Bharti Infratel Ltd. and Indus Towers are likely to invest Rs 3,500 crore in operations as capital expenditure for 2018-19 as they continue to operate on a ‘business-as-usual’ mode till their merger happens before the end of the financial year, sources said.
The two companies, last month, announced a merger deal that will create a $14.6-billion firm with the world’s second-largest number of mobile masts. The merged entity will have, in its fold, more than 1,63,000 towers across India—the largest after China Tower.
The transaction is subject to regulatory and other approvals which the two companies will now pursue, starting with the Competition Commission of India and thereafter the Securities and Exchange Board of India, National Company Law Tribunal and the Department of Telecom (FDI approval). The companies said the deal was expected to close before the end of 2018-19.
A source privy to the development said the annual financial planning continues on course for both the companies as it is ‘business-as-usual’, and that Infratel’s capex is expected to be in the ballpark range of Rs 1,200 crore in 2018-19.
Indus Towers—where Infratel holds a 42 percent stake—is likely to infuse Rs 2,300-2,500 crore as capex this year, said an official requesting anonymity.
Indus Towers is jointly owned by Bharti Infratel (42 percent holding), Vodafone (42 percent), Idea Group (11.15 percent) and Providence (4.85 percent).
The amount of investment is similar to last year’s levels and will go into “new towers, tenancies and replacement capital”, the official said, adding the investments are being funded from internal accruals of the two tower firms.
A Bharti spokesperson declined to comment on a detailed e-mailed query sent to the company. Indus Towers did not wish to comment.
“The capex amount will also be used for replacement of batteries, DG (diesel generators), power equipment...As the tenancies increase, the two companies will continue to increase their capacities of mobile towers ahead of their proposed merger,” said the source.
Also Read: Bharti Infratel-Indus Tower Merger Explained
Last month, the two entities announced that, “Indus Towers will be merged with and into Bharti Infratel through a scheme of arrangement.” The merged entity, which will be called Indus Towers, will remain listed.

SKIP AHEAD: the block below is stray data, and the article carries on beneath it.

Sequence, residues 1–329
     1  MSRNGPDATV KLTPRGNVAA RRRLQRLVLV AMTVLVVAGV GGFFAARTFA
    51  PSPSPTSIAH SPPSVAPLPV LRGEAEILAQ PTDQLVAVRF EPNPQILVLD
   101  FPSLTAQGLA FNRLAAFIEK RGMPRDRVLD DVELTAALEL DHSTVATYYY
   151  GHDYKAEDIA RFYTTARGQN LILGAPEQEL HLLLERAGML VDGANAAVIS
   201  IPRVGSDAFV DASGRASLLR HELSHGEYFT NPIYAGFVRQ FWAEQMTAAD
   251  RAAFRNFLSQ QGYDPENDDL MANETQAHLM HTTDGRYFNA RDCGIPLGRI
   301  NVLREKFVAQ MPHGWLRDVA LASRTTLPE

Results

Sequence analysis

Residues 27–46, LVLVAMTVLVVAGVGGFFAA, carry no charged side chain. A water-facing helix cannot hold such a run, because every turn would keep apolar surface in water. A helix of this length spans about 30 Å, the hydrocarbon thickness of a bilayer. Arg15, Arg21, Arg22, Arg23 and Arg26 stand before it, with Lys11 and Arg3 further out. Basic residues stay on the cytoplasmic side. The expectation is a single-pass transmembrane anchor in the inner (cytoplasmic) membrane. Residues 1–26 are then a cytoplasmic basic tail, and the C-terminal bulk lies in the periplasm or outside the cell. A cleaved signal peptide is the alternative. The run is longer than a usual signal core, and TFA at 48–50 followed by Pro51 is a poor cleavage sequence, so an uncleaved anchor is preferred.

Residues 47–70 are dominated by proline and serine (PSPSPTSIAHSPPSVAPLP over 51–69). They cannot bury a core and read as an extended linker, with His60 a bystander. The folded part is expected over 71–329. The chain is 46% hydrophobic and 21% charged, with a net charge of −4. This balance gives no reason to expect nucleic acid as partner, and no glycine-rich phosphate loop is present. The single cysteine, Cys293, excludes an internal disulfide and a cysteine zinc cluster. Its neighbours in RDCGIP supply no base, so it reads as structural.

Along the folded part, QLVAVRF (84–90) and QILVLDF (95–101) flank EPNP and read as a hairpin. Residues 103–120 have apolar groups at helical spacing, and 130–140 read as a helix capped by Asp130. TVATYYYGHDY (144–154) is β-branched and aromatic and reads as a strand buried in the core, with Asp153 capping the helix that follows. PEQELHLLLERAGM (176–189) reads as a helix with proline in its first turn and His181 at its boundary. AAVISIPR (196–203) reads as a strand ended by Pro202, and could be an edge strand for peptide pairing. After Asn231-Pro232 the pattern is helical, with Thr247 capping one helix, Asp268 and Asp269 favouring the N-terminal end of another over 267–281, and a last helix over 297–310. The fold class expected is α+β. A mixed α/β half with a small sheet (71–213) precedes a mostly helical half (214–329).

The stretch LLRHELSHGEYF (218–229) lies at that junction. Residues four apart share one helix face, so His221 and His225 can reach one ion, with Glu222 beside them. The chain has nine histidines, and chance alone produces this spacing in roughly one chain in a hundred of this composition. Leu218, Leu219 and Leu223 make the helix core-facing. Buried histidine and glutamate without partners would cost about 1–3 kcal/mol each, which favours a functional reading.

Bharti Airtel Ltd., which owns 53.5 percent in Bharti Infratel, will get a 33.8-37.2 percent stake in the combined entity. Its final shareholding depends on what Aditya Birla Group’s Idea and Providence do with their minority shareholding in Indus Towers.
Vodafone India will get between 26.7 percent and 29.4 percent of the Indus-Bharti Infratel combine. The merger will help unlock value for the companies which are locked in a tariff war unleashed by newcomer Reliance Jio Infocomm Ltd. that has hurt earnings and triggered consolidation in the sector. Vodafone and Idea Cellular Ltd. are already in the final stages to merge their mobile operations.
Last month, Airtel separately stated that it plans to engage with potential investors to evaluate a stake sale in the combined tower company, which will have an equity value of Rs 96,500 crore ($14.5 billion).
Under the mega tower deal, Idea has the option to sell its 11.15 percent stake in Indus for cash at the merger ratio that values the stake at Rs 6,500 crore ($1 billion). Under the transaction, Infratel agreed to pay 1,565 of its own shares for each Indus Towers share.
Vodafone India will receive 783.1 million shares in the combined company, valuing the U.K.-based firm’s stake at Rs 28,400 crore ($4.3 billion).
If Idea decides to sell all its stake and Providence sells 3.35 percent of its 4.85 percent shareholding, the new entity will be 37.2 percent owned by Airtel and 29.4 percent by Vodafone Group, while 1.1 percent will be with Providence and the rest by public shareholders.
In case Idea and Providence decide to continue to stay invested, Airtel would have a shareholding of 33.8 percent in the combined entity. Vodafone, in such a scenario, would have a 26.7 percent stake while Idea Group would get 7.1 percent and Providence would have a 3.1 percent holding. The remaining 29.3 percent would be with public.